Google has posted a defense of Gmail's privacy protections after a Wall Street Journal report found the service was allowing third-party companies to read personal emails.
The WSJ reported that employees at firms offering personalized services, such as shopping and travel suggestions, are accessing and reading Gmail users' messages.
While not referencing the story directly, Google Cloud's director of security, trust and privacy, Suzanne Frey, published a post in the wake of the report, in which she outlined Gmail's privacy protections.
"We continuously work to vet developers and their apps that integrate with Gmail before we open them for general access, and we give both enterprise admins and individual consumers transparency and control over how their data is used," she wrote.
SEE: GDPR security pack: Policies to protect data and achieve compliance (Tech Pro Research)
A key part of this review is ensuring that apps only collect data they need and don't misrepresent how they are using this data, according to Frey.
How to keep your Gmail secure
Third-party apps need to have been given explicit permission by the user before those apps can access personal data, Frey said, adding that these permissions can be revoked using the Security Checkup page in the user's Google account.
Those concerned about third-party access to their Gmail account can also visit myaccount.google.com and select the Apps with account access page, from which they can revoke any previously-granted permissions.
Business users enjoy a wider range of protections, with G Suite admins able to screen connected OAuth apps to limit the data access that individual users are able to grant.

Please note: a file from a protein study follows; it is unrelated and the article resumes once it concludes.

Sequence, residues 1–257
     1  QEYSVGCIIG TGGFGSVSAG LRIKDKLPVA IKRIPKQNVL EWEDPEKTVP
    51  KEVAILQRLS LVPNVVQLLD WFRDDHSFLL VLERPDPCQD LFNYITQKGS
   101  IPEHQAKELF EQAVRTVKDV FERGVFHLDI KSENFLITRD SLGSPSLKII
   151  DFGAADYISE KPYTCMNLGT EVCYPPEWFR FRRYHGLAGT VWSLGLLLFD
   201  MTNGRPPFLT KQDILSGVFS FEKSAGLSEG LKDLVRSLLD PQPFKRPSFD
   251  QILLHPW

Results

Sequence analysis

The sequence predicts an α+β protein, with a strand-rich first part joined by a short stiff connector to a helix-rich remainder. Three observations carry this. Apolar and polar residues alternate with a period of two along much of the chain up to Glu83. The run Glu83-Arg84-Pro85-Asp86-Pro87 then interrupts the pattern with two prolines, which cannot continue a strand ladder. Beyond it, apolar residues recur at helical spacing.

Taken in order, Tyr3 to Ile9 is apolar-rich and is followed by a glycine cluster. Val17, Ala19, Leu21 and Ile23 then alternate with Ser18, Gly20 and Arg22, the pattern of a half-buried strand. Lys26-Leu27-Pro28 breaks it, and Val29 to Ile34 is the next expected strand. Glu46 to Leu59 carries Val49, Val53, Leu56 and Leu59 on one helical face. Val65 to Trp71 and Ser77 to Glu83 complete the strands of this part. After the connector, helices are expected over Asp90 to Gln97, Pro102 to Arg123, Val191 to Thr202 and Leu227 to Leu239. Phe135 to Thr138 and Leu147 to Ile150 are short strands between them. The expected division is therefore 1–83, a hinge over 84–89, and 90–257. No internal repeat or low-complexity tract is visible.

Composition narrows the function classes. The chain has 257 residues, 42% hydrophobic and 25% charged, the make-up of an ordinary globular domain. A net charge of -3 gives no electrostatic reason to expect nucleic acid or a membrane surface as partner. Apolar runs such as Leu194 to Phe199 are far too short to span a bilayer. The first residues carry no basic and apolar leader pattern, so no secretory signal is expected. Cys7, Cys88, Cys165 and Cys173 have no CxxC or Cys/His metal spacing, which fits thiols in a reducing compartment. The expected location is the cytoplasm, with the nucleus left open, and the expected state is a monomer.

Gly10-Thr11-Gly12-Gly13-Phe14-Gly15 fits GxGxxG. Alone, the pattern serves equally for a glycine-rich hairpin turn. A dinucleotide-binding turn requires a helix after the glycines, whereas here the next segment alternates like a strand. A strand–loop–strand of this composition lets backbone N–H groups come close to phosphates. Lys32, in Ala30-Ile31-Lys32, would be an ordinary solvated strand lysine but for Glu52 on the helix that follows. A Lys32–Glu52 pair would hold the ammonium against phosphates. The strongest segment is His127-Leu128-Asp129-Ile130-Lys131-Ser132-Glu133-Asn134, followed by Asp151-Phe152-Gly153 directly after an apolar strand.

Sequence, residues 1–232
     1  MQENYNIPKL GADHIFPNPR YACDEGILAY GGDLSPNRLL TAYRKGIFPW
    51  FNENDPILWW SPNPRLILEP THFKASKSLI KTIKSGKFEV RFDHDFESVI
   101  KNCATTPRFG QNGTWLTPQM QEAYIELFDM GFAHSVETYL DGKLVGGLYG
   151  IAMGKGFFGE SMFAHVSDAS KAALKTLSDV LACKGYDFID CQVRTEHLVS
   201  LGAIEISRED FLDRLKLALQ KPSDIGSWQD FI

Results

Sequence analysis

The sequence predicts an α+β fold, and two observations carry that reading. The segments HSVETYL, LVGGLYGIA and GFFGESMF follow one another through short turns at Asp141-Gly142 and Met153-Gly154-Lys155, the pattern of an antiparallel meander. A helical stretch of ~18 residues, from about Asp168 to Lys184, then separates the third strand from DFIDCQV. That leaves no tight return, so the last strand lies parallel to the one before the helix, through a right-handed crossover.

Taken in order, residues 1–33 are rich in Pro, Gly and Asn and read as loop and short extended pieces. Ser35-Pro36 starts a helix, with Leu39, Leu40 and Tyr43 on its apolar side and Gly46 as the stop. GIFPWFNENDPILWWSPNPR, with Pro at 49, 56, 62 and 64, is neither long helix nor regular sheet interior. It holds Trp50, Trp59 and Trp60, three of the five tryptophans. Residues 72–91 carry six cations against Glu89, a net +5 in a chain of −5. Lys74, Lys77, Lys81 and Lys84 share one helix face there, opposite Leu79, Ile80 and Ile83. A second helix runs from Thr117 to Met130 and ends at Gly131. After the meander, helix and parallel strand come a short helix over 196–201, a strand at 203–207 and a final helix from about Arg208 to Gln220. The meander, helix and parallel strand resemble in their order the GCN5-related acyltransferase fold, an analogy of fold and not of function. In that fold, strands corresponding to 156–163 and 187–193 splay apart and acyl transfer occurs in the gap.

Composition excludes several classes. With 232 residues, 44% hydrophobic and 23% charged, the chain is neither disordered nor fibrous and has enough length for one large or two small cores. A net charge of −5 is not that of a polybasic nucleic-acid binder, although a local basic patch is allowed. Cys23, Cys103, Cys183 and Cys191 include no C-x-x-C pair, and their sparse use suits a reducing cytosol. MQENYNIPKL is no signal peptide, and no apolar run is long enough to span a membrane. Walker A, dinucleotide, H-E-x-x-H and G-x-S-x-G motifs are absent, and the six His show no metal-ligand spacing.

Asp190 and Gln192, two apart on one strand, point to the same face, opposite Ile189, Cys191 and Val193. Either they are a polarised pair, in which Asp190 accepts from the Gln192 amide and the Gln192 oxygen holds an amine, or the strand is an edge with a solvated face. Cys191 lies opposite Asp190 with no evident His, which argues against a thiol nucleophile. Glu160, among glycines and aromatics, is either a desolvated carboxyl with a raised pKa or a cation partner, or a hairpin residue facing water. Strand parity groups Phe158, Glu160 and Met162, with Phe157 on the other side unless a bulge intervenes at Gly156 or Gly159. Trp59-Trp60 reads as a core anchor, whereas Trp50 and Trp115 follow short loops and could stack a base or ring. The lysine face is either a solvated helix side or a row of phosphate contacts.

Google ceased scanning consumer Gmail messages to personalize ads to users in June last year, a point that Frey stressed in her post yesterday.
"We do not process email content to serve ads, and we are not compensated by developers for API access. Gmail's primary business model is to sell our paid email service to organizations as a part of G Suite."
Public awareness of privacy issues has been heightened recently, following the Cambridge Analytica scandal, in which the data firm was accused of using the personal information of millions of Facebook users to try to change election results.
Despite Google's assurances, David Emm, principal security researcher at Kaspersky Lab, says the WSJ's findings show how important it is for individuals and businesses to pay close attention to the permissions they give third-party apps.
"We have a right to privacy - but we need to be aware of what terms and conditions we are agreeing to when signing up for free email and social-media accounts, especially regarding the rights we are waiving or the access to data that we are giving away," he said.
"We should also think twice before allowing third-party apps to connect to our accounts."